These charms hanging from the blue bridge in Riverfront Park fund improvements. Here’s how to “be part of it”.

Small silver charms hang from the fence of the Blue Bridge at Riverfront Park as part of a fundraiser for building projects and programs in the park.

The nonprofit fundraiser for the Spokane Parks Foundation has been successful since its launch a year ago, said the foundation’s executive director, Terri Fortner. “I love the charm program,” she said. “It’s a really nice way for people to donate to the park.”

Not everyone can afford to make large donations, Fortner said, but the $125 charms are a more affordable way for the community to show support. “It’s an opportunity for the whole community to contribute,” she said.

The Parks Foundation raises funds for projects in all local parks, and each year a grants committee reviews applications before distributing between $30,000 and $75,000. Charm fundraising, however, is specific to Riverfront Park.

When improvements to Riverfront Park were announced, the foundation stepped up efforts to add amenities the city could not afford, Fortner said, such as the 1974 Butterflies, a basketball court near from Ice Age Park and a dog park.

The foundation was able to find sponsors for the two biggest projects, the playground and the basketball court.

MultiCare sponsored the large basketball court.

Providence Healthcare sponsored the accessible playground on Havermale Island. “It’s 100% accessible,” Fortner said. “It’s for all ages and abilities.”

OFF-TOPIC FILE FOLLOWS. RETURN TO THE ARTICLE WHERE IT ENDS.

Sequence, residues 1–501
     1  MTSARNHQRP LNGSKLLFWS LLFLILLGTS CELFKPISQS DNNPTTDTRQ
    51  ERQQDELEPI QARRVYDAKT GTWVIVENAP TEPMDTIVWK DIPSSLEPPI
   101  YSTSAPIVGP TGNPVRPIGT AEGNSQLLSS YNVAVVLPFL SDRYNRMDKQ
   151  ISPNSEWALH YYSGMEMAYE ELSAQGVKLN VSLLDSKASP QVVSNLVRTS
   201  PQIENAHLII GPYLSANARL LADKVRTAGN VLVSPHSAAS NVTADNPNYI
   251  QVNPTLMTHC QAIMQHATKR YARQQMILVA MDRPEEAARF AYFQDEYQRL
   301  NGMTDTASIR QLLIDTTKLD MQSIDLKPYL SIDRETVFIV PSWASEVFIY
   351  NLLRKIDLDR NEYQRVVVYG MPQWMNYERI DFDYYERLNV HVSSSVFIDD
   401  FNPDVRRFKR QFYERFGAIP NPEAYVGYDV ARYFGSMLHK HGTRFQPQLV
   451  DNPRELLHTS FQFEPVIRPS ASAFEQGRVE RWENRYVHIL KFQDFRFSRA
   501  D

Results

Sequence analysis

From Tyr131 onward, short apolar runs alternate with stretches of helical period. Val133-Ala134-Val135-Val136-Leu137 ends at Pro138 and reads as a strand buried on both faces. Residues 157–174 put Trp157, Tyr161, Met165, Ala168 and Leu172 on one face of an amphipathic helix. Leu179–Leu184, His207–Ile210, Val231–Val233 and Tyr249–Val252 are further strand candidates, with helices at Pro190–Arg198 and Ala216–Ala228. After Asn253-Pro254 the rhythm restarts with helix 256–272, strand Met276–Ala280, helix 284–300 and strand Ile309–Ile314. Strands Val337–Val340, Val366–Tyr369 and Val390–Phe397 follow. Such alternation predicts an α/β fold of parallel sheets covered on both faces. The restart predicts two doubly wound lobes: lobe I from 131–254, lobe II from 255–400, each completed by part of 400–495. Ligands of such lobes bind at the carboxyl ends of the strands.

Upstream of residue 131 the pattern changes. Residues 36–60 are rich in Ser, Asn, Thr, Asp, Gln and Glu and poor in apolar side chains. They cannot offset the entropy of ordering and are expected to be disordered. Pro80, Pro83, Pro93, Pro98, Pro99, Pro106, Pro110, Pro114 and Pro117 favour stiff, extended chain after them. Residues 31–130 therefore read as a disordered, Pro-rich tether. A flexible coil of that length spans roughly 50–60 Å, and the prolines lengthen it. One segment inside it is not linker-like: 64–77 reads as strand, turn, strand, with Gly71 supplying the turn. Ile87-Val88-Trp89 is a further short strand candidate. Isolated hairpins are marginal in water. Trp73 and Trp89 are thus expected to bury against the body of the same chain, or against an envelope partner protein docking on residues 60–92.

Fortner said she’s thrilled the playground is inclusive and everyone can play. “It has to be one of the most beautiful projects I’ve ever worked on,” she said.

Charms can be purchased in the shape of a dog bone, a butterfly or a circle. The funds collected thanks to the dog bone charms are used to create a dog park. The Spokane Humane Society announced earlier this year that it would contribute $250,000 to the park, estimated to be one-third of the cost. The Parks Foundation collects the rest of the money.

These dog bone charms will hang on the dog playpen, once it is designed and completed.

The only hiccup with the charm program has been vandalism caused by people trying to remove charms from the bridge.

“Some people are super creative with what they say about their charm, and I think that speaks to people,” Fortner said.

Missing or damaged charms are replaced, but Fortner said that wasn’t a big deal.

“The power of good seems to be in full force,” she said. “People love it.”

Money raised beyond the amount needed will be used to pay for future upgrades and programs, which could range from a teen adventure camp to story time at the Looff Carousel.

At the start of the fundraiser, the charms were $100 each. Now, however, the cost has risen to $125. “The cost of materials and production has gone up,” Fortner said. “Inflation affects everyone, including small nonprofits.”

Charms can be ordered at

People can put three lines of text on the back, with between 12 and 14 characters and/or spaces per line, depending on the charm selected.

Fortner said charms can be great gifts for Mother’s Day, Father’s Day and birthdays. “It’s a great way to honor important people,” she said.

The charms also serve as a lasting reminder of those who have contributed to Riverfront Park’s amenities, she said.

“Put your name on it,” she said. “Build it. Be part of it.”

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